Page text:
Upgrade to SQL 2008 R2–In the long run this was my preferred option, but it was not feasible for the following reasons. My client needed this ETL process to be in production within three days. Upgrading a SQL Server can be a major undertaking and the server on which this SSIS package would run is no exception. The server houses eight large reporting databases and hundreds of old SQL DTS packages that are slowly being rewritten in Integration Services. Any upgrade would certainly require far more than three days to completion. In addition, an upgrade was not within the corporate hardware/software budget for the current year.
Use the MS Excel 2007 Data Connector–The sources files for the import originate from an outside entity and are created on a non-Windows system. Asking the creator of these files to convert them to an Excel format was not possible. Manually opening each file in Excel and saving it in .xlsx was not possible as complete automation was a requirement for this project.
Custom Parse the file outside of the Flat-file Data Connector–This ended up being the best option available. There are many ways to parse a comma delimited file and rather than list and explore all of those methods, I am going to explain the method that worked best for me given the project parameters.
My goal was to use the flat file connection manager to import the file, but bypass its parsing feature so I could use my own custom parser in its place. Integration Services includes a component that is perfect for the job; the Script Component found in the Data Flow Transformations section of the SSIS Toolkit. Using this component, you can intercept the output data from a Data Flow Source, manipulate it with custom code and then pass it as data output to the next component. So to summarize, I needed to accomplish three main tasks to achieve success:
- Modify properties of the Flat File Connection Manager so it will import the file, but bypass any attempt at parsing each incoming row.
- Configure properties of the Script Component to receive the data from the Flat File Connection Manager as an input and define the output columns to which I will assign elements parsed from each input row.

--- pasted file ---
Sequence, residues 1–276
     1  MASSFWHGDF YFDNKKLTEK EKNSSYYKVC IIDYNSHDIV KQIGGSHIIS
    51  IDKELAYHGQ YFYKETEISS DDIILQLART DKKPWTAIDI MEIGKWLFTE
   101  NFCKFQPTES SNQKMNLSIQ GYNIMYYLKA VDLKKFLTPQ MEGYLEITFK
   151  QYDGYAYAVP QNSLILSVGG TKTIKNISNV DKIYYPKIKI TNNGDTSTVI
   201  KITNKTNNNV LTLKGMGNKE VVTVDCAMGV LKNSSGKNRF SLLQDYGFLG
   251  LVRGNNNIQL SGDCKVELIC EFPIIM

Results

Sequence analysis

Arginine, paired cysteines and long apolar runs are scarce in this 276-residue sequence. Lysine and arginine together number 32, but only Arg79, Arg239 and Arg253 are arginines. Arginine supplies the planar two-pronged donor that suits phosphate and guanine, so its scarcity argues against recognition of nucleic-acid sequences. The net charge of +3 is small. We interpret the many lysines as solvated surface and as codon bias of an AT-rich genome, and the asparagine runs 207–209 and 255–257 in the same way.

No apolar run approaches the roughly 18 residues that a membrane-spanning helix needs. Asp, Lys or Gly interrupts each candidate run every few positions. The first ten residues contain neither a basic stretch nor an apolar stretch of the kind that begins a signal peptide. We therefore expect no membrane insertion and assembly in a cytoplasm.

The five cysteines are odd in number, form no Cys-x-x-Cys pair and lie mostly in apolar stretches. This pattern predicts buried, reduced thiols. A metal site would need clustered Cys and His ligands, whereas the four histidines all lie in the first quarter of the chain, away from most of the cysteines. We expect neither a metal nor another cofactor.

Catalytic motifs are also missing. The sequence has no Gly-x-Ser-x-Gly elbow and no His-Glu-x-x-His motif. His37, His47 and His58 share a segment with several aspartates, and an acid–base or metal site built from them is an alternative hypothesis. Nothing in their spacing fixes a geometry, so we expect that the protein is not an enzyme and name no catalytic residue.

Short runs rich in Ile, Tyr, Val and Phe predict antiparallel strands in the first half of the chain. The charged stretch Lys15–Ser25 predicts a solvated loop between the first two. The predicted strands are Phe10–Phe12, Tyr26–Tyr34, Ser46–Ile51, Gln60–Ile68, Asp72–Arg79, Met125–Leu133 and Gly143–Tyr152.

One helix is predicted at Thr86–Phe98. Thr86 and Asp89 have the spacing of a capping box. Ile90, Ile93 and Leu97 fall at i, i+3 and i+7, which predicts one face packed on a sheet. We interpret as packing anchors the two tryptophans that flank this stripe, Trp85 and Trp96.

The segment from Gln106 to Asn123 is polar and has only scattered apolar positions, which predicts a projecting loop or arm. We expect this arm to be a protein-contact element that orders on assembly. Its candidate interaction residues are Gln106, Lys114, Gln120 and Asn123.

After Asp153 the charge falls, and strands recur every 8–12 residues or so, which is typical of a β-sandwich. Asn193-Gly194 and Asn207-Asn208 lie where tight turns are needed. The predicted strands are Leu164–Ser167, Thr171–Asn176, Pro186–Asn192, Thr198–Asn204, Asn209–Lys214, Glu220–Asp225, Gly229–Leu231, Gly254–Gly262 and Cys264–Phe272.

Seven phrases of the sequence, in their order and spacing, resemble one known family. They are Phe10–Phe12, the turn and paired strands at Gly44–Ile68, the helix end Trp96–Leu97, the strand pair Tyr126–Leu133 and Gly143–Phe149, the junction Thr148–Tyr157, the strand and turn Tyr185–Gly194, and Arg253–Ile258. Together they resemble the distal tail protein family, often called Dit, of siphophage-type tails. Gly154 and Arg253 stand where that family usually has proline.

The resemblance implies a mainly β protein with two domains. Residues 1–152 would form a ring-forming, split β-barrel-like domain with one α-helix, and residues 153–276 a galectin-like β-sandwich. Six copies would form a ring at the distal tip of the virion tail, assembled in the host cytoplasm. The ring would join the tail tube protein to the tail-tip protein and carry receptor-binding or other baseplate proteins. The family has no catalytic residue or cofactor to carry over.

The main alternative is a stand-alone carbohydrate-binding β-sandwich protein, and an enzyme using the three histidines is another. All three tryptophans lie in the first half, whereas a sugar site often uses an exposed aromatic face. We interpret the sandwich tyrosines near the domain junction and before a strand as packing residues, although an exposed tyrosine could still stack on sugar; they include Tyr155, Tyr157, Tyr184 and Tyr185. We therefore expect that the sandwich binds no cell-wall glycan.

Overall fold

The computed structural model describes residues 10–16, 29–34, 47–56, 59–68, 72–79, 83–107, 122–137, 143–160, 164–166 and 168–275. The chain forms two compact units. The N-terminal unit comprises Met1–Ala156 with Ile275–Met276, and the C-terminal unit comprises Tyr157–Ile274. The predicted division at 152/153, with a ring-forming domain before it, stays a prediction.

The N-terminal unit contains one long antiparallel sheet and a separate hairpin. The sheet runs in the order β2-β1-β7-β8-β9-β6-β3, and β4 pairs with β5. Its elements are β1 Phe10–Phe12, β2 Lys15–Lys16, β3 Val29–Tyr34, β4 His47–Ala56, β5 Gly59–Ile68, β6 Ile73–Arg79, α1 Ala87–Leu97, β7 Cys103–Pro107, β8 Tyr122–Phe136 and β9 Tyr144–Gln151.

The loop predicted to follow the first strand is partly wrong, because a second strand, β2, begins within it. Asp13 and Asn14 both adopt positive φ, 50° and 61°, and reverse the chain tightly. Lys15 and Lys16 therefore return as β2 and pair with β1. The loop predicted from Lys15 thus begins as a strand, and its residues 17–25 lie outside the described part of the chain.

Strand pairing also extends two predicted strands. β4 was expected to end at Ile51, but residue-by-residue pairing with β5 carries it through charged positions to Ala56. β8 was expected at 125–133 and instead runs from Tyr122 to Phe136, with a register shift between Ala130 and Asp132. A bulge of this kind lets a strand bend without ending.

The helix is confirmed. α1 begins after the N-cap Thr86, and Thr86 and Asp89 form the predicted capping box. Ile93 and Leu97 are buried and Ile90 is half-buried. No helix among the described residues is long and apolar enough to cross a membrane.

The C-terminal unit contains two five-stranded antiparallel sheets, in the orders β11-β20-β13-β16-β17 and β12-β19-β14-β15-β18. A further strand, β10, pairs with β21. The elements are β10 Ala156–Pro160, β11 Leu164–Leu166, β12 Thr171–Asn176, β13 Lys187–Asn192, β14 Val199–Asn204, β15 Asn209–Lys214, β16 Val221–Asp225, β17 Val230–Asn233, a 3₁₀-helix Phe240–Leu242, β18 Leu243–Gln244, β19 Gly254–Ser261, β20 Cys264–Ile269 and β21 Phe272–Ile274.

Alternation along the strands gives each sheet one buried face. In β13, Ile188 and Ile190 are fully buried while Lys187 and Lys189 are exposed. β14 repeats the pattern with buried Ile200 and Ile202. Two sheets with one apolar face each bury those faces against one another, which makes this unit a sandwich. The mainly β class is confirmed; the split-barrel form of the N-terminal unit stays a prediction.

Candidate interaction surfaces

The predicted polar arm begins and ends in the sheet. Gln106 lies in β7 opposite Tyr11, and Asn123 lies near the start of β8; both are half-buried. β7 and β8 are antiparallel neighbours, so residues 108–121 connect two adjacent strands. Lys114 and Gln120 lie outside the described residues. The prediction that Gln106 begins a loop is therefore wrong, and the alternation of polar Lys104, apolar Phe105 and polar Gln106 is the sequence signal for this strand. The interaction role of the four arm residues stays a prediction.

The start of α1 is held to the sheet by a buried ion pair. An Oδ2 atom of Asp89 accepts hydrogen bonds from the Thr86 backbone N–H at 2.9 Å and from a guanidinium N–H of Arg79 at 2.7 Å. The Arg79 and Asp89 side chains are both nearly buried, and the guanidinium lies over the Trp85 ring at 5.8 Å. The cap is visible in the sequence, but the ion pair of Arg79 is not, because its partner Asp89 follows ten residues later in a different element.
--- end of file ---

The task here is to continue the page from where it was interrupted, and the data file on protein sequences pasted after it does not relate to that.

- Write the custom code responsible for parsing each line.
Modifying the Flat File Connection Manager to bypass incoming row parsing is easily achievable. Start by pointing it to the location of your text file. On the lower half of the Connection Manager’s General page you can configure the format of the incoming file via a drop down menu. Your choices are Delimited, Fixed width, and Ragged right. Choose the Ragged right option. On the Columns menu do not select any column markers; we care only about getting the entire row. In the Misc section of the Advanced menu you will need to define a few attributes of your incoming row. Give it a name. I chose ImportRow for mine. The column delimiter will mostly likely be a line feed. Make sure the data type is a string [DT_STR] and set the Output Column Width property to 8000. Now that you have defined the Connection Manager, define a new Flat File Data Flow source component in the data sources tab and point it to your Flat File Connection Manager. Open the Flat File Source Editor and click on the Columns menu. You will see the column name you defined in the connection manager. When the package executes, SSIS will open the file and read each row as one large 8000 character field, ignoring all commas, quotes and other characters. Before writing custom code to parse the incoming data we must customize some of the Script Component properties.